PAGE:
Tuesday, August 7, 2012

Big pick up in demand for mortgages but the market is still bifurcated

The thesis of improving demand for US residential housing (driven by demographics) remains intact. The latest bank survey from the Fed indicates demand for mortgage loans is on the rise.
WSJ: - Nearly three in five U.S. banks surveyed by the Federal Reserve this summer said demand for loans to buy homes is growing as the housing market stabilizes and mortgage rates were falling to new lows.

But according to bank credit officers, credit standards continue to be as tight as they were in 2010.
WSJ: - The survey found that banks' credit standards aren't getting much easier for mortgage borrowers or small businesses. Among the loan officers surveyed, 93% said standards for approving mortgages to borrowers with strong credit were unchanged from the prior quarter, and 95% said standards were unchanged for firms with less than $50 million in annual sales.
In the corporate space, lending to larger companies with poor credit has not been an issue - those firms simply have to pay a higher rate. The lower the credit rating, the higher the spread charged. That approach keeps credit growth in the corporate sector humming because the weaker credits are more lucrative for banks. Mortgages on the other hand continue to be fairly binary - one either qualifies for a standard Fannie mortgage or does not, and there is very little between the two. With the subprime lending gone, the market has become bifurcated into those who are able to obtain a loan and have access to incredibly cheap financing and those who are not.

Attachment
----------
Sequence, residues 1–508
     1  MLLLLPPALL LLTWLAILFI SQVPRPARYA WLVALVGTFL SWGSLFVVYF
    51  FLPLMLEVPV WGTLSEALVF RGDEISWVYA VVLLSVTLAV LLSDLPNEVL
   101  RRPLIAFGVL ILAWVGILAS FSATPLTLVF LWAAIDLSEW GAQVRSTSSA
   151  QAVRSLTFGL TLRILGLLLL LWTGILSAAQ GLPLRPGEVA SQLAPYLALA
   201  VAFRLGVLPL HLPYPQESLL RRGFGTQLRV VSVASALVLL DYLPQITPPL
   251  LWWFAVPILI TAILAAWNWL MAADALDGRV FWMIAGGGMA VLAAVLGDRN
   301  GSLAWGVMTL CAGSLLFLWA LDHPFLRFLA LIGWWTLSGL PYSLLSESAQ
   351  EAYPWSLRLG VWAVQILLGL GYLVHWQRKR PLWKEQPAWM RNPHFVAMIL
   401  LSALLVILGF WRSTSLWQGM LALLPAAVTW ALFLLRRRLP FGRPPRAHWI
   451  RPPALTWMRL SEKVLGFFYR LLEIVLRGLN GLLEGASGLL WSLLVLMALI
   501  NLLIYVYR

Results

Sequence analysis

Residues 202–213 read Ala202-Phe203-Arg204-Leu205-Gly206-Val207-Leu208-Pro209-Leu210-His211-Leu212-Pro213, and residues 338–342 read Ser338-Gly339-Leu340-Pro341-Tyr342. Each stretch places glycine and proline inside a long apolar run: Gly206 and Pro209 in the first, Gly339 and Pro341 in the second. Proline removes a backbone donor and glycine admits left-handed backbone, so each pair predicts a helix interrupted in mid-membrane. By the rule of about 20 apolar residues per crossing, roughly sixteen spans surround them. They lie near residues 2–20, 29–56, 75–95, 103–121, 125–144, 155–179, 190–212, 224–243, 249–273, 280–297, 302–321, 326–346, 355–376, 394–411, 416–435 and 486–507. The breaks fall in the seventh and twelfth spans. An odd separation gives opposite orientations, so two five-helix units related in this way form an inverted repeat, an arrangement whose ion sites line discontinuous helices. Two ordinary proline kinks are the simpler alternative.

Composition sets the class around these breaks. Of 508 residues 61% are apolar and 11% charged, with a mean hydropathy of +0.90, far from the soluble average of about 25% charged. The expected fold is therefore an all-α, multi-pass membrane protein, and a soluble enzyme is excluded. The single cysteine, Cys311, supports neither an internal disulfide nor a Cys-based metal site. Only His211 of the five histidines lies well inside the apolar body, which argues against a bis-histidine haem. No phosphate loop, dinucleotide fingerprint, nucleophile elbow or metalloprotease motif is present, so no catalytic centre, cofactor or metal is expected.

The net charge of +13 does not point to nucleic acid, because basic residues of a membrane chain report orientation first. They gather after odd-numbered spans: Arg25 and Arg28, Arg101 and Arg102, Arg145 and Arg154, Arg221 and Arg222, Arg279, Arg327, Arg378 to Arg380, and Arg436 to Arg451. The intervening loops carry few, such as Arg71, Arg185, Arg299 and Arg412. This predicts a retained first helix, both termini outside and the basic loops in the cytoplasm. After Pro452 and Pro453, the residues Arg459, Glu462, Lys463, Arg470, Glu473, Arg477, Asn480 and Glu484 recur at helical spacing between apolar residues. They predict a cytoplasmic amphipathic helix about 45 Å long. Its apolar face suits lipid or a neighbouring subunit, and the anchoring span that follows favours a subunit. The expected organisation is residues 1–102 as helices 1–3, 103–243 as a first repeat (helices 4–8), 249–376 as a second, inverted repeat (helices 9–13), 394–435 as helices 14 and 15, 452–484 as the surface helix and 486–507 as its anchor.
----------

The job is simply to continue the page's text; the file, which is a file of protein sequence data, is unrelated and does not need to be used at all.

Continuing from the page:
WSJ: - Buyers who qualify for loans are able to take advantage of extremely low rates. Average rates on 30-year-fixed mortgages have been below 4% since March and fell to around 3.5% last month, according to mortgage finance company Freddie Mac. Rates could fall even lower if the Fed takes further steps to prop up the economy later this year.
Much of that is driven by reliance on the GSEs, since banks still don't want to hold non-standard long-term (15-30 years) exposure to residential housing on their balance sheets. Banks originate the loans and sell them to GSEs or hold them in a portfolio that could easily be sold to GSEs (Chase for example). In fact over 90 percent of all mortgage loan originations are still government backed via the FHA, VA, or GSEs.

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